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\par\includegraphics[width=8.8cm,clip]{H3702F5.eps}\end{figure} Figure 5: Time delay between the SN images in days. The dotted line shows SNe for which the SN system satisfies the case B criteria. The dashed line shows case A. A SIS lens profile was used.
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5 Fitting cosmological parameters

Next, we estimate the target statistical uncertainty of a 3 year mission studying a 20 square degree patch of the sky down to 28.5 peak I-band (and J-band) magnitudes. We perform a maximal likelihood analysis of the multiply lensed systems with $h, \Omega_{\rm M}$ and $\Omega_\Lambda$ as free parameters where h is the dimensionless Hubble parameter defined by $H_0 = h
\cdot$100 km s-1Mpc-1. With $\vec{\phi}=(h,\Omega_{\rm M},\Omega_\Lambda)$ and f(r) being the r-dependent factors in Eqs. (16) and (25) for point mass lenses and SIS respectivelywe define the "experimental'' ( $R_{\rm exp}$) and cosmology dependent (${\cal
R}$) quantities:

\begin{eqnarray*}R_{\rm exp} = 2 {\Delta t \over {\Delta \theta}^2}\left({1 + z_...
...\vec{\phi}) = {D_{\rm d} \cdot D_{\rm s} \over D_{\rm ds}}\cdot

The maximum likelihood analysis performed over the simulated SNe with index i=1...N assumes Gaussian probability density functions for the observables,

 \begin{displaymath}{\cal L} = \prod_i {1 \over \sqrt{2 \pi \sigma}} {\rm e}^{-(R_{\rm exp}^i -
{\cal R(\vec{\phi}}))^2/2\sigma^2},
\end{displaymath} (38)

where the standard deviation $\sigma$ contains the propagated uncertainties of the (independent) observables $\vec{x} = (\Delta t, \Delta \theta, r, z_{\rm d})$:

 \begin{displaymath}\sigma^2 = \sum_{j=1}^4{\left({\partial R_{\rm exp} \over \partial x_j} \sigma_{x_j} \right)^2}\cdot
\end{displaymath} (39)

For simplicity, we have assumed that all SNe are measured with the same precision.

While we will consider more pessimistic scenarios later, in this section we assume that the uncertainties $\sigma_{x_j}$ of the four observables are:

$\displaystyle \left\{\begin{array}{lcl}
\sigma_{\Delta t} &~ = ~& 0.05 {\rm\ da...
...sigma_{r} &~ = ~& 0.1 \\
\sigma_{z_{\rm d}} &~ = ~& 0.001 .
\end{array}\right.$     (40)

The outstanding precision in the time delay between the SN images is consistent with the estimates of the accuracy expected for SNIa lightcurves studied with simulations by the SNAP collaboration.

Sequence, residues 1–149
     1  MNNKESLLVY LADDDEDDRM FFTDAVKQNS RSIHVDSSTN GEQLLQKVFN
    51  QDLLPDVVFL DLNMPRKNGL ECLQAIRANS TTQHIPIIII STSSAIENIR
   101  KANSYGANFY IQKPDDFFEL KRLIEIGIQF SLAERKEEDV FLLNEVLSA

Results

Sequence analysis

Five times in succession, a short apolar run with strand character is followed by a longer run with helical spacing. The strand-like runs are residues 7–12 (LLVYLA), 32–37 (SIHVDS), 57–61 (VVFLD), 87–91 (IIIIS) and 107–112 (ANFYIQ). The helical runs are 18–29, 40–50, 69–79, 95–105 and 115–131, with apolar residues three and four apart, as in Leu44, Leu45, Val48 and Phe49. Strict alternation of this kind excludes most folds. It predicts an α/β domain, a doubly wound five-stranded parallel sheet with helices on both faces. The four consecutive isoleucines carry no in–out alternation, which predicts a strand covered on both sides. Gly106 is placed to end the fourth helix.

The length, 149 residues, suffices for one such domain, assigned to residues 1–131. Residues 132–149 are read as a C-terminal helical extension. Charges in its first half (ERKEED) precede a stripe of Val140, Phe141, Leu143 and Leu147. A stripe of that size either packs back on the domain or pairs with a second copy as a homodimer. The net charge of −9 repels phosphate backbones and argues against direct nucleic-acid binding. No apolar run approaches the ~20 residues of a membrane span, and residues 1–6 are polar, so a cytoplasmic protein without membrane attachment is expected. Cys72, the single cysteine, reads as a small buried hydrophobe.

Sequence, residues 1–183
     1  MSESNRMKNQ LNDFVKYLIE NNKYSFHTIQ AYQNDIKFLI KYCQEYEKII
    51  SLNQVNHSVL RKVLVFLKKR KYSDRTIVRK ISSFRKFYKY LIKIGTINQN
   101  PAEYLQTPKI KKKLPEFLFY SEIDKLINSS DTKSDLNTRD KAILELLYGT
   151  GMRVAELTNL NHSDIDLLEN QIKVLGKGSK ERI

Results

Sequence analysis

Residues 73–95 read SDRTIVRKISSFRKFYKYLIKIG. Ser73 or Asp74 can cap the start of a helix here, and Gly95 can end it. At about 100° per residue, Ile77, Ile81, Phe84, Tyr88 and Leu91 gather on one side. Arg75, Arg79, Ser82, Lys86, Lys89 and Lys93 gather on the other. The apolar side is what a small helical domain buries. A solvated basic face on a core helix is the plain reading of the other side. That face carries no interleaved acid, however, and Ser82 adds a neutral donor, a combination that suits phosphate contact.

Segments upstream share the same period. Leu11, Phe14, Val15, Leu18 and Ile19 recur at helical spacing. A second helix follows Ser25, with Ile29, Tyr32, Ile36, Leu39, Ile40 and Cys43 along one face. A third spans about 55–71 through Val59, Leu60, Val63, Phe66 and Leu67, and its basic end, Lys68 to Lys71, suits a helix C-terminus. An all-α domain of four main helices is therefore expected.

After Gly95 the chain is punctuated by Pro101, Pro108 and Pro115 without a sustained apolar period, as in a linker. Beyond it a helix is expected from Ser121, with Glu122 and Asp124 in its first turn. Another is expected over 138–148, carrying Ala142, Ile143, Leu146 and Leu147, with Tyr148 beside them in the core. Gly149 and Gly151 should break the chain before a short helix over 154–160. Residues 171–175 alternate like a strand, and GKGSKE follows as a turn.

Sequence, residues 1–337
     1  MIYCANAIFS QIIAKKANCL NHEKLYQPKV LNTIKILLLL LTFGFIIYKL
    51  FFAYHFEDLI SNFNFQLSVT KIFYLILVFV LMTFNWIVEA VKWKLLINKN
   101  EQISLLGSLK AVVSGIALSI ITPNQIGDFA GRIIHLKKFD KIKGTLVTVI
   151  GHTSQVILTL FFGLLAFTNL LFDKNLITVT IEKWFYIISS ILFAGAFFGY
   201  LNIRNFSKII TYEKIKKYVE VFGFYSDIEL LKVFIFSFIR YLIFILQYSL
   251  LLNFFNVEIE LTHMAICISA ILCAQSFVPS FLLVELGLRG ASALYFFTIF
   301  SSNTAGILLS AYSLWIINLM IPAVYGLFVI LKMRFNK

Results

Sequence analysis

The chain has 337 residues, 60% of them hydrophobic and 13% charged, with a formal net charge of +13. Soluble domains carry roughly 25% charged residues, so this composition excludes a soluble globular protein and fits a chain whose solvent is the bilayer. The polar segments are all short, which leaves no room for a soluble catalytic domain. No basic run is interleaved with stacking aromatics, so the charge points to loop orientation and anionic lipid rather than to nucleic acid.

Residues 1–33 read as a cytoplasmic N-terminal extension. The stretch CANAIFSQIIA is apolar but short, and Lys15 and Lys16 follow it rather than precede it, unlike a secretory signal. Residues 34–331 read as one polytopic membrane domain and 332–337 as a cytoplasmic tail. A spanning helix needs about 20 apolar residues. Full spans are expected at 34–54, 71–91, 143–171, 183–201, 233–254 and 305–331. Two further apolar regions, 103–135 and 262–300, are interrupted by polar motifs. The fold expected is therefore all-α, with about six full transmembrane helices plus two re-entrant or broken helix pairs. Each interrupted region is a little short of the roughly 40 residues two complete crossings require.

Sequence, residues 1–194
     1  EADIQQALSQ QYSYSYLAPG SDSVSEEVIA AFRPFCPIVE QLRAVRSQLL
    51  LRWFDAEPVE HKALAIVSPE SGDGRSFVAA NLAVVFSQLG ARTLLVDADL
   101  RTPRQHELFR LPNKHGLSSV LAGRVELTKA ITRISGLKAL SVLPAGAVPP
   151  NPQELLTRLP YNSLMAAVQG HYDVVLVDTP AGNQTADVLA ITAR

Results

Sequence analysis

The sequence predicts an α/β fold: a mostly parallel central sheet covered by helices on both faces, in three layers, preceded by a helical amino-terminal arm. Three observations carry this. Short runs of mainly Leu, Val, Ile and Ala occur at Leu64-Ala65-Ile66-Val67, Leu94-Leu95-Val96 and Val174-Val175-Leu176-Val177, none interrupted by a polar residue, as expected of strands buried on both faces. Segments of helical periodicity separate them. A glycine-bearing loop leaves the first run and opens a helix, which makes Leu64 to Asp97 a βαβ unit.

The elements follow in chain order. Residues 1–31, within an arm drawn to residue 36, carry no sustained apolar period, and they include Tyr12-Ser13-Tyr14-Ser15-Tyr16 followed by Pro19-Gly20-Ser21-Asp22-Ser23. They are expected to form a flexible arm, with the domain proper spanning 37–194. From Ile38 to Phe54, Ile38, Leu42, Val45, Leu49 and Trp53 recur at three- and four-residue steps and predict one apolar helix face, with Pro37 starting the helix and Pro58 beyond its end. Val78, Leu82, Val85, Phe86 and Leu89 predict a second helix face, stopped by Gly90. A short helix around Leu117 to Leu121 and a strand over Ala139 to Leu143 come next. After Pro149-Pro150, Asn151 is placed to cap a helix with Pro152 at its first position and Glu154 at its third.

The image separation uncertainty corresponds to 0.1 pixel of the proposed SNAP instrument. This estimate could even improve considering that all of the SN images along the lightcurve can be co-added to get ${\ga} 40 \sigma$ signals on the individually lensed SNe. E.g. in Anderson & King (2000) it is stated that with HST/WFPC one could reach 0.02 pixel precision on reasonable bright stars.

In estimating $\sigma_{r}$ we have assumed that the differential extinction of the lensed SNe will not largely exceed what has been measured for a set of 23 gravitational lens galaxies in Falco et al. (1999). The median extinction for those systems ( $z_{\rm d}\la 1$) was found to be $E(B-V)\sim 0.05$ mag.

5.1 The $\mathsfsl{\Omega_{M}{-}\Omega_\Lambda}$ plane

While ${\cal R}\propto h^{-1}$, it varies only weakly with $\Omega _{\rm M}$ and $\Omega_X$. This can be appreciated from the projected 68% confidence level (CL) region from a 3-parameter fit ( $\Omega_{\rm M},\Omega_\Lambda,h$) to the simulated data-set B in Fig. 6. From now on we concentrate on the case B sample. The areas covered by the contour regions of case A scale approximately as $\sqrt{N_{\rm B}/N_{\rm A}}$. It should be noted that the shape and inclination of CL region is very different from what is found from the magnitude-redshift test (Goobar & Perlmutter 1995). We also show in dark the constraints in the $\Omega_\Lambda{-}\Omega_{\rm M}$ plane if h is known (exactly). While little information can be gained from $\Omega _{\rm M}$ or $\Omega_\Lambda$ independently, the figures indicate that there is only a very limited range in $\Omega _{\rm M}$ and $\Omega_\Lambda$ for which the CL region is consistent with a flat universe, $\Omega _{\rm M}+\Omega _\Lambda =1$. Thus, from now on, we concentrate on the cases where the geometry is assumed to be known from, e.g., CMB anisotropy measurements.